Also. Anime originated from American works. The big eyes came from Bambi and Mickey Mouse, and the unrealistic head set on a realistic body came from Betty Boop. So it isn't some ancient, sacred art style that only the Japanese are savvy to. America had a huge influence over it. Yes. We sloppy, inferior, useless, overweight, greedy Americans blew our load into the oh-so-superior Japanese creative fuck-caverns.

Post
#367865
Topic
Indy BluRay pushed off til 2010, what does that mean for SW?
Time
skyjedi2005 said:

Avatar the last airbender is so incredibly superior to the clone wars that i am suprised filoni had anything to do with airbender.

Most of season 1 of clone wars was okay but the ending with this Cad Bane boba fett ripoff with a bad accent totally changed my opinion on tuning in for season 2.

 

It was nice to read matt lanter saying he and his costar were trying to match Han Solo and Princess Leia of the originals than the prequels.

Still clone wars might be a slight improvement over the prequels, but in my opinion Lucas has way too much of a hand in things and way too much control.  I liked the genddy series because he stepped backed and allowed them to do their own thing, funny how that dvd is now permanently out of print because genndy did something Kershner did better star wars than george lucas, which is not allowed.

I really hope Mr Lucas daughter turns out a better writer than he is, because if not the future of clone wars is indeed very grim.

 

There is not a thing that cannot be destroyed to fit the prequels anymore.   They ruined the EU novels, the games etc.

To me i almost put the cut off point for star wars in 1996, before the laughably bad shadows of the empire and the special editions, and before the ruination of star wars in 1999.  1999 was also the year of vector prime when they destroyed the star wars EU in the first book by Killing Chewbacca.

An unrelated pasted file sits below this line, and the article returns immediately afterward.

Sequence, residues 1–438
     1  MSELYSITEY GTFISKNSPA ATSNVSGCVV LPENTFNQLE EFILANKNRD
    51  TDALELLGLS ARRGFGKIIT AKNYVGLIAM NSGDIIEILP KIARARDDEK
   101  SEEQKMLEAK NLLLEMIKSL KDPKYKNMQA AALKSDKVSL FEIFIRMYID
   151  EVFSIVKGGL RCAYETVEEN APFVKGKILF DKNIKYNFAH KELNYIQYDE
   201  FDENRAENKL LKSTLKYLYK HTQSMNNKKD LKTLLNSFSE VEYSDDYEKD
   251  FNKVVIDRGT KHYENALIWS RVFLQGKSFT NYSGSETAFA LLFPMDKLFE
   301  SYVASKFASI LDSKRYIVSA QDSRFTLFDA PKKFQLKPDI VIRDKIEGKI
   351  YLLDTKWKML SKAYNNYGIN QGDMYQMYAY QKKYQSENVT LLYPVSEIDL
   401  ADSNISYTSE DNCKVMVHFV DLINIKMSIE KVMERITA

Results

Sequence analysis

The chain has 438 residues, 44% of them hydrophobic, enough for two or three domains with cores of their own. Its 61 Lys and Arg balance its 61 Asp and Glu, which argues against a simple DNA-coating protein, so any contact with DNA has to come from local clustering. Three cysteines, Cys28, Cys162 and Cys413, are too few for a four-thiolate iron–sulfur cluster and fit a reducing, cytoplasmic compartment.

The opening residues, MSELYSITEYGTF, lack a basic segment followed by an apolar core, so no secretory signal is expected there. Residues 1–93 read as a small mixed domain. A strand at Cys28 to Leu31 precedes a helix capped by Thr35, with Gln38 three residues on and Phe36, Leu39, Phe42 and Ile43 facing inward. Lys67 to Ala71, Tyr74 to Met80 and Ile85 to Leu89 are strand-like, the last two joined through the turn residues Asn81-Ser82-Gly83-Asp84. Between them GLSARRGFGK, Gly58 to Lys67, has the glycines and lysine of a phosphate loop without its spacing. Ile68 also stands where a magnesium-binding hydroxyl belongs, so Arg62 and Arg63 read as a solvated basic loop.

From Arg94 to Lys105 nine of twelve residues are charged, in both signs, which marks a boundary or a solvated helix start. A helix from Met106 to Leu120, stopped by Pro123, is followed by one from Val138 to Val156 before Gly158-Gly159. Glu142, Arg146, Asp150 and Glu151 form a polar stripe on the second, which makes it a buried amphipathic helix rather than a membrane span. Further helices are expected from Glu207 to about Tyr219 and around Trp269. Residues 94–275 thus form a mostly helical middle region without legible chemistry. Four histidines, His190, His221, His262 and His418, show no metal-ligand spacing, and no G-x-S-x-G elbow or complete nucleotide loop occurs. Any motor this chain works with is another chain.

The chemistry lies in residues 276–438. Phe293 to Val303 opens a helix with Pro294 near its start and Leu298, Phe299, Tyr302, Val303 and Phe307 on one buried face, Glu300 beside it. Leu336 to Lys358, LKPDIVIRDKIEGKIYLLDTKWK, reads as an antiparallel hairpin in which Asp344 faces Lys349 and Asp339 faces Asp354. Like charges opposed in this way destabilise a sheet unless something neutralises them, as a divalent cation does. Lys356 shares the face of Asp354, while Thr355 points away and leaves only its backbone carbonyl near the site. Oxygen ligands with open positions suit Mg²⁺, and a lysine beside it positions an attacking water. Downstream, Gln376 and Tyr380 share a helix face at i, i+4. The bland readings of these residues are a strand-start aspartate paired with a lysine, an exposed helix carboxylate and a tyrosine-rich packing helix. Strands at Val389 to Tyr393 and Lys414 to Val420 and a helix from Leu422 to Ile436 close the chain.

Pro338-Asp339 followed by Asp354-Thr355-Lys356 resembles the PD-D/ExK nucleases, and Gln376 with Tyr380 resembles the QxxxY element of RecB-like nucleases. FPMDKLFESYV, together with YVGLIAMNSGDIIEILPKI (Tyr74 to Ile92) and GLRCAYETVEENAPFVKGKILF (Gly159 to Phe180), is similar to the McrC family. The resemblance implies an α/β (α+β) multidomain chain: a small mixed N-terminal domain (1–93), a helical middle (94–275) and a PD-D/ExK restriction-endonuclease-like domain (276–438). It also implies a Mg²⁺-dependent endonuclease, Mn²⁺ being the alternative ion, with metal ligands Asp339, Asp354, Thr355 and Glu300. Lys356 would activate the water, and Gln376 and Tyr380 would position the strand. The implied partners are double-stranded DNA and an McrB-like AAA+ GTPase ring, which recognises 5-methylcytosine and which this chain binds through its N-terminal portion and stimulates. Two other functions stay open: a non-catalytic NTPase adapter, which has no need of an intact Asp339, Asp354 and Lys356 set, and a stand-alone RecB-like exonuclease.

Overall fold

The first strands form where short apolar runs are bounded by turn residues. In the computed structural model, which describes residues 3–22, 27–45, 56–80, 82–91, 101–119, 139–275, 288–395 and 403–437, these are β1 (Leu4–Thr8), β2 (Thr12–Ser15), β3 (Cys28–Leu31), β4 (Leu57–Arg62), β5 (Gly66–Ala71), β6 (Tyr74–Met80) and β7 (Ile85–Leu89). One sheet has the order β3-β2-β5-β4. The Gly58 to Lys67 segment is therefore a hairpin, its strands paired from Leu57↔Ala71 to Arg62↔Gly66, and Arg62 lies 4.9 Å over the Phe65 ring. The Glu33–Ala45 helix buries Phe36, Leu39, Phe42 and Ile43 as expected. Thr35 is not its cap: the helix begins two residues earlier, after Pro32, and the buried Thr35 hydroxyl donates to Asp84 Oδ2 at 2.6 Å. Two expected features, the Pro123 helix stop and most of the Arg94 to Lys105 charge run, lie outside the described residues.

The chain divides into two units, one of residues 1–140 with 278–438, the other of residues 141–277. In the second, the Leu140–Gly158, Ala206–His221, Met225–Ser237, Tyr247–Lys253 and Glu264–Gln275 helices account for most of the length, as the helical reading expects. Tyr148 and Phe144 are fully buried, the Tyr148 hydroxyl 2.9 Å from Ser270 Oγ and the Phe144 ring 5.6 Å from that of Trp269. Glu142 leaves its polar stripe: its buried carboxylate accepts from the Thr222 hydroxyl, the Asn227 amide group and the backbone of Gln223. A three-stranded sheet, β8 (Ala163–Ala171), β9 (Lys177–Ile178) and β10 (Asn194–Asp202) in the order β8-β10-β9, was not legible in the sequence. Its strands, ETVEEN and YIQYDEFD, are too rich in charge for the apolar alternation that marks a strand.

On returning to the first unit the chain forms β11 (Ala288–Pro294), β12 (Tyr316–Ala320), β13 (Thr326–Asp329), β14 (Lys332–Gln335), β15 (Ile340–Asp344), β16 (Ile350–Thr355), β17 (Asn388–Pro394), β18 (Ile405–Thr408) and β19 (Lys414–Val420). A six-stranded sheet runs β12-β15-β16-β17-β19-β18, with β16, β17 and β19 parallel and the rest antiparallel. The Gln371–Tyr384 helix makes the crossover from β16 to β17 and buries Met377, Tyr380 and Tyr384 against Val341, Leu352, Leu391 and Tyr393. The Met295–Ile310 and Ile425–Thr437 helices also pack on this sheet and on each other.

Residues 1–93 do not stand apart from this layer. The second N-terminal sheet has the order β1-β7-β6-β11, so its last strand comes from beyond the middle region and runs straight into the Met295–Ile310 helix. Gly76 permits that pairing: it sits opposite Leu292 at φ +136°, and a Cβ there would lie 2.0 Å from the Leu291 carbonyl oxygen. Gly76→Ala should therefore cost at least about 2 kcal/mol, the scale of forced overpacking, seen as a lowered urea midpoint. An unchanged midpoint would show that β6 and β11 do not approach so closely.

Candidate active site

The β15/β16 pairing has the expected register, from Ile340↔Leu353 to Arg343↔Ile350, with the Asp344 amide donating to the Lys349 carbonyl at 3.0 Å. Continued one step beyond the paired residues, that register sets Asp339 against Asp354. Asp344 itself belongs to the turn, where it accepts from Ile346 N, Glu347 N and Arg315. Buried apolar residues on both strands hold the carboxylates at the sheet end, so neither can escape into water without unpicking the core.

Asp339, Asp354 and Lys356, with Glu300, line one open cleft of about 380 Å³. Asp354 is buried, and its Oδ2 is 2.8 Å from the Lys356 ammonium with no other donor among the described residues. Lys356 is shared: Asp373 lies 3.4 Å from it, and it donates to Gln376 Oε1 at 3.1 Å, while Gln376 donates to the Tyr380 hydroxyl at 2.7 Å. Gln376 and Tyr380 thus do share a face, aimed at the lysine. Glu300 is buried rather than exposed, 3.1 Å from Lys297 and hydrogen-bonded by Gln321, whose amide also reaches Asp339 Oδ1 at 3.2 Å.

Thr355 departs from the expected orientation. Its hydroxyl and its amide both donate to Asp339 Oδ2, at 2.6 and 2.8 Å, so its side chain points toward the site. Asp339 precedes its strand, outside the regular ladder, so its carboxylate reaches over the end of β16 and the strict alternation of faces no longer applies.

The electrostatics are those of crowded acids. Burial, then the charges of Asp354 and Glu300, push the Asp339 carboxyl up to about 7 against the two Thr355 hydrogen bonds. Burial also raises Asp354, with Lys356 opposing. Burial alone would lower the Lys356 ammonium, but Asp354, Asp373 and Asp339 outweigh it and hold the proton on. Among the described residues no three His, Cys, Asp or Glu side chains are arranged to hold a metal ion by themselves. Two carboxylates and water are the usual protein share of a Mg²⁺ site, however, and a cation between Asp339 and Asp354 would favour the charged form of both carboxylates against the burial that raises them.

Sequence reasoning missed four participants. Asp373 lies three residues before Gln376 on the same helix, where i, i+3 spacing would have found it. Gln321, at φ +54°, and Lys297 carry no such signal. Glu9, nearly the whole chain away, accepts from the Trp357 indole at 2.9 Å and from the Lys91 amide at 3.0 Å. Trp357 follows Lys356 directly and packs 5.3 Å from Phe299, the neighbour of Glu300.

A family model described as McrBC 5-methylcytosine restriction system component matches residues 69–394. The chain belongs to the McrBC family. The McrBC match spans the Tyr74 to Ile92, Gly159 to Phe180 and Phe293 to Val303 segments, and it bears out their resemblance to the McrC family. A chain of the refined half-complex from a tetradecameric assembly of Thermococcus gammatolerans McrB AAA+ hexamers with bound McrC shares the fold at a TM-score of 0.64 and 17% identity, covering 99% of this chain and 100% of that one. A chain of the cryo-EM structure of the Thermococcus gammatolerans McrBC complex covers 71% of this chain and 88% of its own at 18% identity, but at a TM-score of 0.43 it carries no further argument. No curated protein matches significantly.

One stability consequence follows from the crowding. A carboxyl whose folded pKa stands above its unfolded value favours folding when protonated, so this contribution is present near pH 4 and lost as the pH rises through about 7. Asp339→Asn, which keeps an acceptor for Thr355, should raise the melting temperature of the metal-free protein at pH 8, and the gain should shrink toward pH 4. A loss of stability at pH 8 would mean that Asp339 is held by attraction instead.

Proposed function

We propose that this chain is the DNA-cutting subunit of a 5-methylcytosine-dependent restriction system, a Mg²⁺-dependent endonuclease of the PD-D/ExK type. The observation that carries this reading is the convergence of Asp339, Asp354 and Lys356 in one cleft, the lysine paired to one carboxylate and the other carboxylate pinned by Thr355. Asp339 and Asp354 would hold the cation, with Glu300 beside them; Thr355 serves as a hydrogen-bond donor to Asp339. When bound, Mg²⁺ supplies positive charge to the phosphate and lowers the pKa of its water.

There has been some good star wars fiction since then. I liked Shatter point, and revenge of the sith by stover, and dark lord.

In fact a lot of the tie in writers for the EU write so much better than Lucas it is almost a shame they were writing for the EU universe that does not exist as far as Lucas is concerned.

 

 

To this day i don't understand how a self described terrible writer allowed himself to write the 3 screenplays to the prequels.  The same guy who says he hates character and plot and likes to do purely visual films.

The strength of the prequels was in the visuals, but the non devloped characters and non existant plot made me not care in the end.  Six Hours of explosions, lasersword duels and cgi do not a good human story make.

I don't hate the prequels i just wish the characters were more fully developed than cardboard cutout archetypes.

They tried adding a soul to the visuals by having willaims compose some wonderful music.  But Even he this time could not save the films. 

I wish the effects were secondary to the human story.  But Lucas made the focus on what he considers his strongest abilties. I can only blame him for not hiring a different director for both attack of the clones and revenge of the sith and some other writers to help flesh out the skeleton plot.

To me you have only half a movie with the prequels, you have the effects music and sound effects, but the actors are either under used or ill used.  The human story of the rise and fall of Anakin Skywalker the greatest jedi of his generation takes a back seat to the action.

Lucas had some truly great and epic ideas to use.  A lot of them were under used or underplayed or left in tne background or up to the tie in fiction writers to flesh out. 

He talked about the story of faust and miltons paradise lost on the 60 minutes interview, and when i saw revenge of the sith i missed the echo of these great literary works.  Because the turn was botched and made zero logical sense.  

I also wish a female writer could have helped Lucas on clones and sith to flesh out the character of padme, in clones and sith her character is ruined as much as anakins is.  I much prefer the phantom menace which at last focused on the characters.  What happened in 2 and 3, did lucas forget or something?

 

I agree that Lucas had great ideas. I once called him an "idea machine"... he's good throwing cool ideas onto the table, but when it comes to delivering it all on screen, he faulters very badly. When it came to the prequels, I think he should have left the writing and directing to more competent hands, while he acted as just a producer and consultant, which he would have excelled at.

Post
#367337
Topic
How would you have done ROTJ?
Time

I remember being in the Wal-Mart toy section not long after TPM, and reading the Emporer's biographical card for his action figure. I think it said outright that Sidious/Palpatine were one in the same (or at the very least, switching between the two on its holo-card thingy). The details are fuzzy.

It was probably meant to be painfully obvious to the viewer from the very start of the PT, but obviously not to the surrounding protagonists.